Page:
You'll feel the difference when it starts to happen.  
Your hands won't feel tense, and they'll apply just enough pressure to fret the note.

Stretch your hands   See Stretches

Practice until your better than the day before.
Take a day off to rest your hands once or twice a week,.

Jam

Jamming makes you play very fast.

Find a fast drummer, guitarist or bassist.  
They will push you to speeds you never thought possible.

You'll play the same thing over and over as you find the essence of the song.
Simplify and give your friends room to create.
This gives your fingers time to warm up.  
You build up the jam, and it develops energy and power.

You get in the zone, and you go off.
Suddenly your fingers do amazing things and you play incredible solos.
It can be pure magic.

Come down from the top

"Most guitar players I've noticed tend to use a flat fingering.  I've trained myself to come straight down on top of the string."       -Jerry Garcia

Keep the palm parallel to the side of the neck.
Don't twist your hand, unless you need to reach for a note.  

Bring your fingers straight down onto the strings.  


Play the finger exercises.

Anticipate the move

When you play a scale, 3 fingers usually play each string.

After the first finger plays its note, move it to the next string.
Do this while the other fingers play their notes.  This gets the finger ready to play its next note.

Practice at slow speeds.

Play a riff or line.  Play a scale.

Each finger can do this.

You can also:
Lift the finger off the fret and mute the string.   Hold the finger in place.
Hold the finger on the fret.  The note is ready to be sounded.
Lift the finger and hold it just above the strings.

Lay fingers flat

Flatten your finger if there's no time to lift it and move it.  
        

lay flat
The numbers show the order the notes are played,            
and the fingers you use.
  



Fingering diagram


Laid back  

To play on a higher string, flatten your finger.  


laid back    
  
5 is the next note.
   It's hard to lift finger 4 and put it back down.
   Lay finger 4 down flat, and fret the next note
   
    Practice with each finger.
   
   Exercise


Laid forward

To play the next lower string flatten your finger and slide it forward.
 

forward  
  
5 is the next note.  
   Lay the finger flat.  
   Slide or roll it forward.  
   This can be tricky.  Practice with every finger.

    If you anticipate this move, use a flatter fingering instead of coming straight down on the string.

    
                               Exercise


Maintain position 

Instead of shifting your hands position, let the 1 or 4 fingers stretch.  
fingering diagram

Outside stretch

outside stretch  
     White arrows show the stretches .
   
     Blue numbers = fingering
     Blue dots = stretched finger position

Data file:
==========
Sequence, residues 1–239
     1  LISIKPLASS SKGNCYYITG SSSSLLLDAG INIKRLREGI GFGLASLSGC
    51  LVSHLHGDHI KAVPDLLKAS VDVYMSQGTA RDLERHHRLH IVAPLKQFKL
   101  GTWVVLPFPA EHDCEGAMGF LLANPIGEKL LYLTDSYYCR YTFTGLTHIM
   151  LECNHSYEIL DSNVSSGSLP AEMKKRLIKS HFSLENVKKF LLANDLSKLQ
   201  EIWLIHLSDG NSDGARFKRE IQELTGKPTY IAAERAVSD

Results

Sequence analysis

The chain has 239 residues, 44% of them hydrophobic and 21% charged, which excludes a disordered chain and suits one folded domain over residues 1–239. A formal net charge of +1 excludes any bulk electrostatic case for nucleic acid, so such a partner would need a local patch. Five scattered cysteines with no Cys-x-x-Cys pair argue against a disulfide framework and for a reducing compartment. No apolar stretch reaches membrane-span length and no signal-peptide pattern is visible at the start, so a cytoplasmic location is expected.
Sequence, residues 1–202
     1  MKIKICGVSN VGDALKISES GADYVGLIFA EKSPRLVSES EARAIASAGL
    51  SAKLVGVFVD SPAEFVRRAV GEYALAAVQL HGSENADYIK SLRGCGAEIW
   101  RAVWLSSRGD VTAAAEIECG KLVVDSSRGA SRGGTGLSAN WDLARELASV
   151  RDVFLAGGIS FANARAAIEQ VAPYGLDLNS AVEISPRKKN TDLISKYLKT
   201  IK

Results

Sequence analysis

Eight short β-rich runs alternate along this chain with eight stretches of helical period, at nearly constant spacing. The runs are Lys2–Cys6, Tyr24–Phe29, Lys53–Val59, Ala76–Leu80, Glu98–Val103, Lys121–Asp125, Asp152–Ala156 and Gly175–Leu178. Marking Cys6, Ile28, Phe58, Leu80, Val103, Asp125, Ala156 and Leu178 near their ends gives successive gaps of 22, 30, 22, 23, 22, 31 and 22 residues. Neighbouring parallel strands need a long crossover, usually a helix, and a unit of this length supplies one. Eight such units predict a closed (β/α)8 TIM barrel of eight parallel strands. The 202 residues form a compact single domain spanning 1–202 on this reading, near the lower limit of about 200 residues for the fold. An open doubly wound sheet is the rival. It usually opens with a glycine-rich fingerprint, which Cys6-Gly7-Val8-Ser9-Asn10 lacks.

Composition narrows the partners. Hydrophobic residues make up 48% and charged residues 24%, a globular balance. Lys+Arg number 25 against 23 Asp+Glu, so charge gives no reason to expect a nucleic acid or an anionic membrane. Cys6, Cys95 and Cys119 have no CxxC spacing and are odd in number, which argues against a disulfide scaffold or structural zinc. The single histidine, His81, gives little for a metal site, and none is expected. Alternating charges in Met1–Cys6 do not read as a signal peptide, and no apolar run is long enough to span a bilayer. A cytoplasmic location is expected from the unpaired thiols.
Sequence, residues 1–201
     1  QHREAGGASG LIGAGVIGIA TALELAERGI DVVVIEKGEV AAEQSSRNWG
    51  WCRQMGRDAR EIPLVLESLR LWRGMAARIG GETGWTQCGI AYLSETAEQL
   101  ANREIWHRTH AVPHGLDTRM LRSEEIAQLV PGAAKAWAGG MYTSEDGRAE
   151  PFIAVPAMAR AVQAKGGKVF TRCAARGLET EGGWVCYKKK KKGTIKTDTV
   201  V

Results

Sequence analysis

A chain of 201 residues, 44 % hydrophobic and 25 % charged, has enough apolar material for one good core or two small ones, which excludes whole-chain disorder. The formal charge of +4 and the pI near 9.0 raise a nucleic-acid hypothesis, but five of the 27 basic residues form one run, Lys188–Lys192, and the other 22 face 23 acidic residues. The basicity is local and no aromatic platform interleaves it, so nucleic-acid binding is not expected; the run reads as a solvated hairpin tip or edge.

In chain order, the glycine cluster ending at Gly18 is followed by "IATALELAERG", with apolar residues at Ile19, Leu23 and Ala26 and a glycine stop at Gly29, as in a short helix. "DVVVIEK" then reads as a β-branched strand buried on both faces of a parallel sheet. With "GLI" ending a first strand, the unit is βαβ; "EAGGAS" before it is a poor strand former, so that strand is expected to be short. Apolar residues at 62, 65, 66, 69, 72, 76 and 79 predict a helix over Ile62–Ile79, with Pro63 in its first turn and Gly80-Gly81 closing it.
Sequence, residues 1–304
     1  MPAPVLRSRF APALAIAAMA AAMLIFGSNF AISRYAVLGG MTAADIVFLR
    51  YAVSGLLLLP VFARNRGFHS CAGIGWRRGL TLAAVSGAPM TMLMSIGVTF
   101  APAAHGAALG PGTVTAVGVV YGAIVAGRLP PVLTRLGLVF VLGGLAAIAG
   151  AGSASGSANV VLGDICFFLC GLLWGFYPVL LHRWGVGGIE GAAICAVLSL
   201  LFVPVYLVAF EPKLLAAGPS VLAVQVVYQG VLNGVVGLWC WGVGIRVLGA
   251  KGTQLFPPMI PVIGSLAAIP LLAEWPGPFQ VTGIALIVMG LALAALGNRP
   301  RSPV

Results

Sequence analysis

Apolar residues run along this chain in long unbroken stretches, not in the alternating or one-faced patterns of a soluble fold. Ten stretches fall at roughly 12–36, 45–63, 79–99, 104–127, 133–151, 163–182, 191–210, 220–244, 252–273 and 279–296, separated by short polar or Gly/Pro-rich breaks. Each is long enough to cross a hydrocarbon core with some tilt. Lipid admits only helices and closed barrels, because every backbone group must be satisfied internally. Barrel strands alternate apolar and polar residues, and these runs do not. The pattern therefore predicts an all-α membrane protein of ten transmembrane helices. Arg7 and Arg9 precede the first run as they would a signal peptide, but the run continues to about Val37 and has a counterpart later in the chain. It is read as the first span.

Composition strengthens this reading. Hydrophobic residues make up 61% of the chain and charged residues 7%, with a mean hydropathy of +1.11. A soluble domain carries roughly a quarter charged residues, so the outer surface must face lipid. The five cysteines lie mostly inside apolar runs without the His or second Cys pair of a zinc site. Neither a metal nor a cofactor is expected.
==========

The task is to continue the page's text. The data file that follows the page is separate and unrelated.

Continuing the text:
Keep the 2 and 3 fingers in position.  
     They are harder to separate.
      




Inside stretch

inside stretch Fingers 2 and 3 are busy.
 They can't lay flat, for whatever reason..  

  Black dots =
starting fingering
  White arrows = 
stretches.
 
 Blue dots = stretched finger position

 Blue numbers = fingering


 

Use fingers 1 or 4 to slide in and hit a note.  
 You'll rarely need to slide 1 and 4 in at the same time.

Slide into position

The opposite of the last concept.
This involves a shift or slide forward or back.

This scale covers 2 and a half octaves.

slide into position
Numbers =
the fingering.
Underlined numbers =
the next position.
Blue arrow
shows the slide into the next position.


This range will be good enough for most solos.

This shows a minor scale.

You can apply this concept to any scale.




If you shift your position by one fret:

Remember where the notes are, they'll be played by different fingers.

You can slide an octave, fifth, fourth, third, etc.

Glissando:  
Hold a finger on the frets and sound the notes as you slide.

Fast action

This means that the strings are close to the frets.
    

action




You can tap the string and sound the note.  

Your finger can release the note faster.

It won't have to lift as high.   

If you have slow action:
Use the 1 finger as a bar, this will lower the string.  
Hammer-on with the other fingers.

Buy a guitar with good action.
Play the guitar at a store, before buying it on the internet.
It's better to buy a perfect guitar from a guitar store and pay more.

Guitars with good action eventually go bad.  
Keep it in a case, and don't lean it on it's neck.  
You can adjust your action, but it's better to get a guitar thats already perfect.

I'll buy a guitar “If the neck and action feel right.  You simply need to play it to really tell."    -Kieth Richards

String tension

Tight strings are faster than loose strings.
They don't move with the pick.
If you want to play metal solos use tighter strings.

Loose strings can be bent farther than tight strings.
If you want to play blues, use looser strings.

Adjusting the action

It depends on the guitar, and the hardware on it.  
Look at the instructions that come with your guitar

Don't fret-out the strings.  You'll hear buzzing.
You'll have to raise them a little.

Tune your guitar.  
The notes up high should be the same as the notes down low.
If they aren't, you have a choice:
     Raise the strings.
     Keep them low, develop lightning speed and get a better guitar someday.

Cheater speed

Not every guitar will let you do this, but it's worth trying.

Your pick often dips below the level of the strings.   This slows you down.

pick dip

Raise the rear pickup and give yourself a platform to play on.